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Mr. President, In a Democratic Nigeria the Parading of Suspects is wrong.


By: John Egbeazien Oshodi, Ph.D  
 Published February 12th, 2012

At the time of this writing Nigeria is yet to be legally known as a Police state, as such the parading of suspects in criminal or civil matters in front of the public or the media is not only a sign of instant indictment, direct forfeiture of one’s human rights but a clear message that the paraded individual does not have any constitutional rights at all.

We are on a daily basis bypassing human rights law and interning, holding or trying and convicting suspects in the media, even when we present ourselves as armed with democratic institutions like the Ministry of Justice and the Nigeria Police Force.

This long standing social practice have since metastasized into something obnoxious, awful, and dangerous especially as Nigeria prides itself as the largest democracy in Africa.

Almost on a frequent basis and across the nation, various State Police Commands and other Security Agencies parade persons accused of crimes of different categories. These persons include public officials and private persons who are allegedly in trouble as in police officers, Civil servants, firearms manufacturers, and children as well as others.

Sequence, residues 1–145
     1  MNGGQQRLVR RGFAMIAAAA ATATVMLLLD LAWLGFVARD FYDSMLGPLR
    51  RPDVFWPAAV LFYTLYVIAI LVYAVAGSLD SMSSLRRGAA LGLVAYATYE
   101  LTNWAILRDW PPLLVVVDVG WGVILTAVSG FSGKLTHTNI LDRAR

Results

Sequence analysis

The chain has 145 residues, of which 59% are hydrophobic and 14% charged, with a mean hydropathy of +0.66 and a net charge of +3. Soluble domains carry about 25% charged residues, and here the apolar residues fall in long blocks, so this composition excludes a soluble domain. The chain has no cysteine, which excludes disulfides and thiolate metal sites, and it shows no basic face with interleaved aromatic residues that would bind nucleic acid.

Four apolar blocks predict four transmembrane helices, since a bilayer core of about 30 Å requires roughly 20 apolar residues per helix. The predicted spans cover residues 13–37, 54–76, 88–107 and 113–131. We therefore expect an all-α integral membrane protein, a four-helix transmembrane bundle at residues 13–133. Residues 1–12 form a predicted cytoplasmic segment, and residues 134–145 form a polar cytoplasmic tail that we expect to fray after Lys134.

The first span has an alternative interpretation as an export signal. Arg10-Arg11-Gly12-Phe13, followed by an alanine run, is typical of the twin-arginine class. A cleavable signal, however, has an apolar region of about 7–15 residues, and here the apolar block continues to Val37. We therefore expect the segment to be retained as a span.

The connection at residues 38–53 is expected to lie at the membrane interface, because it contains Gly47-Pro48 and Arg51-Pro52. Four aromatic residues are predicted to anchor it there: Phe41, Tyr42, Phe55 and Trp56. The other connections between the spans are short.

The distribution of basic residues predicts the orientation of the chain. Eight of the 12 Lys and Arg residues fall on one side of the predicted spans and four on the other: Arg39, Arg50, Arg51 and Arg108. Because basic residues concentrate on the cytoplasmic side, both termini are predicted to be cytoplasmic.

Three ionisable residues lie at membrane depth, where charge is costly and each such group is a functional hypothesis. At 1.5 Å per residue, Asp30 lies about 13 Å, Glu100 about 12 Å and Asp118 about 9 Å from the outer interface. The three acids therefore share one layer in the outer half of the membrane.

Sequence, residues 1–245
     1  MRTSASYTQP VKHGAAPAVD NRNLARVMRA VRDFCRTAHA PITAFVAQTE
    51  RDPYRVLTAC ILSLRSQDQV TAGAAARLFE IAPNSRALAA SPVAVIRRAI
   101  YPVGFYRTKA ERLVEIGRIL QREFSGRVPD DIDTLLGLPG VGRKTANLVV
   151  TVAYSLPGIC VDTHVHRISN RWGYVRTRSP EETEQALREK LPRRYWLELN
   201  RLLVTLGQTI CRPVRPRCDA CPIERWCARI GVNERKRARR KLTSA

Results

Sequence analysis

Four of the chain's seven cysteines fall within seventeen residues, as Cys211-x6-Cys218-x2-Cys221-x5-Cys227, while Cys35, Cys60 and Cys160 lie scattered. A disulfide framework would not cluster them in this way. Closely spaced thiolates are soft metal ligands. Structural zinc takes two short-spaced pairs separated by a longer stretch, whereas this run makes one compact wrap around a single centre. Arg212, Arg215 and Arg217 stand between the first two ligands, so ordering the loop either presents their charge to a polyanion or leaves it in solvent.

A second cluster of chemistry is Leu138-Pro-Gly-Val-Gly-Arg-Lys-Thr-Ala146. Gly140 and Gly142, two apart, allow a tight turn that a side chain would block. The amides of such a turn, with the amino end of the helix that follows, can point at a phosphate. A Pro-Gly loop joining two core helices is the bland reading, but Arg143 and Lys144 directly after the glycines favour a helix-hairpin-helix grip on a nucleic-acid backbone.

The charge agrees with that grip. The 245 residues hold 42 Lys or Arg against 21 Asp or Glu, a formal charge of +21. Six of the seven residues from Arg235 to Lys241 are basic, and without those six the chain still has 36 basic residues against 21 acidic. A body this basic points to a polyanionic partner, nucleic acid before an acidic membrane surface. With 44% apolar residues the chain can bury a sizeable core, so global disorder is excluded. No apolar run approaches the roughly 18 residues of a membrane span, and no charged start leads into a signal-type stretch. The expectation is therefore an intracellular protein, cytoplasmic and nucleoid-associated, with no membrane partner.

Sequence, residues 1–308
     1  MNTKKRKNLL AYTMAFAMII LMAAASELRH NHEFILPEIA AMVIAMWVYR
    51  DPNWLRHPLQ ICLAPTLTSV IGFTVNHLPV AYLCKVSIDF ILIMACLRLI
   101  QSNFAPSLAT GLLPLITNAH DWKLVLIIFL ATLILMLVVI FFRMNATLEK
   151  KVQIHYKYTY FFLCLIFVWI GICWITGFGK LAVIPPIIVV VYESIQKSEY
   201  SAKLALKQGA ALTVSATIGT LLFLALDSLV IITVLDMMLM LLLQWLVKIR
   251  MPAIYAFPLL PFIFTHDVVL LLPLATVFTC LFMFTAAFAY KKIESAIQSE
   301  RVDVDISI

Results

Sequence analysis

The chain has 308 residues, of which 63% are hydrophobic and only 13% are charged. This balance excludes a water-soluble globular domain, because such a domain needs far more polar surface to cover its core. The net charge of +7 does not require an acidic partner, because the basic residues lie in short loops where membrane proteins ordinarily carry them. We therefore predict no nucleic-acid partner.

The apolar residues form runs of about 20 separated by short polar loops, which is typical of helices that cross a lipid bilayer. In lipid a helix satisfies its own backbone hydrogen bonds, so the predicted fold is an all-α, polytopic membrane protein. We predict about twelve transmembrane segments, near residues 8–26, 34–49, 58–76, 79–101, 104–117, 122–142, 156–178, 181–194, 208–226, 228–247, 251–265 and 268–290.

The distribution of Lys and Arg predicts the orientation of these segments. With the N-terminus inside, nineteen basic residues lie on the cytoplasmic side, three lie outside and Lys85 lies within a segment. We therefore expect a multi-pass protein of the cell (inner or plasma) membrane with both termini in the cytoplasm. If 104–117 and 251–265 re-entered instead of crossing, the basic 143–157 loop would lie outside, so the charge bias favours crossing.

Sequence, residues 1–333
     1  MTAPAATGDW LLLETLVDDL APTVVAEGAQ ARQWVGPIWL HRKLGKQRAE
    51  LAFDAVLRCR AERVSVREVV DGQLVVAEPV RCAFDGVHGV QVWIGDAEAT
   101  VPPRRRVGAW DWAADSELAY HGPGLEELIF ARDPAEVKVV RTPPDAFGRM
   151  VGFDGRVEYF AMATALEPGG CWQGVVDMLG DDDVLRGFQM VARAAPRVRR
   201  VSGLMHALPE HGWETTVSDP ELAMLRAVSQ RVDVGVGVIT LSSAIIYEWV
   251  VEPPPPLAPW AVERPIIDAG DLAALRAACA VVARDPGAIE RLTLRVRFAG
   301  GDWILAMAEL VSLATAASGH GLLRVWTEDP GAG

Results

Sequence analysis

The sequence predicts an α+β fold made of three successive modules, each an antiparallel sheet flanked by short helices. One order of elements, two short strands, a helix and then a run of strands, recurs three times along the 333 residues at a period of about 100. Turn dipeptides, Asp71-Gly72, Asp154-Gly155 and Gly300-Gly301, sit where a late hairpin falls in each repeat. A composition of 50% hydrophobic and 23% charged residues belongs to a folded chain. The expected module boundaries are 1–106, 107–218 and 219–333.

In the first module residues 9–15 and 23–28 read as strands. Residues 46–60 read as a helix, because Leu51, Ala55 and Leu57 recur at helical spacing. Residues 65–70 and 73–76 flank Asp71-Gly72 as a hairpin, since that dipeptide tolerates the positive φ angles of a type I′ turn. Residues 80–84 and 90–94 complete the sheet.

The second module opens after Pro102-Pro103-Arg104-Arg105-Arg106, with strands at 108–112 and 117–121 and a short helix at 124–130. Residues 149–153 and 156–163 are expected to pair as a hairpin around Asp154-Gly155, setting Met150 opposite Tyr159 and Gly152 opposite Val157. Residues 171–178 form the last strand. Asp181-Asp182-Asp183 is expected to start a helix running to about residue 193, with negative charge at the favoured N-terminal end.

Even a Goat has been known to be paraded in a public setting!

There are times when the identification of suspects is warranted which is known as a police lineup or identity parade but it is a highly supervised, private and confidential process by which a crime victim or witness is asked to identify a suspect.

And even this type of lineup has a controversial history to this day. The entire process is called eyewitness identification.

In the case of Nigeria, public identification is indiscriminately done but what if that same suspect is bailed out from the police custody, then what happens to him or her especially if the case he or she is involved in has other criminal defendants yet to be arrested or paraded?

His or her life could clearly be in danger either through murder or even suicide due to fear or shame.

This type of public shame and media trial of suspects could affect judicial authorities consciously and unconsciously as they see the paraded suspect on TV or in the Newspaper with a face marked with ‘guilt and embarrassment’ under the pressure and guard of the police.

Ordinarily, our system calls for a suspect upon arrest to appear in court and enter a plea as in guilty and not guilty.

He or she could be subjected to a period of temporary custody prior to trial or under bail. And should the suspect go through trial and be adjudicated as guilty by a Magistrate, a Judge or a Qadi, or through a plea bargaining if there is any, a criminal conviction then follows. This could then be the right time to parade the offender as the person is no longer a suspect but a defined criminal!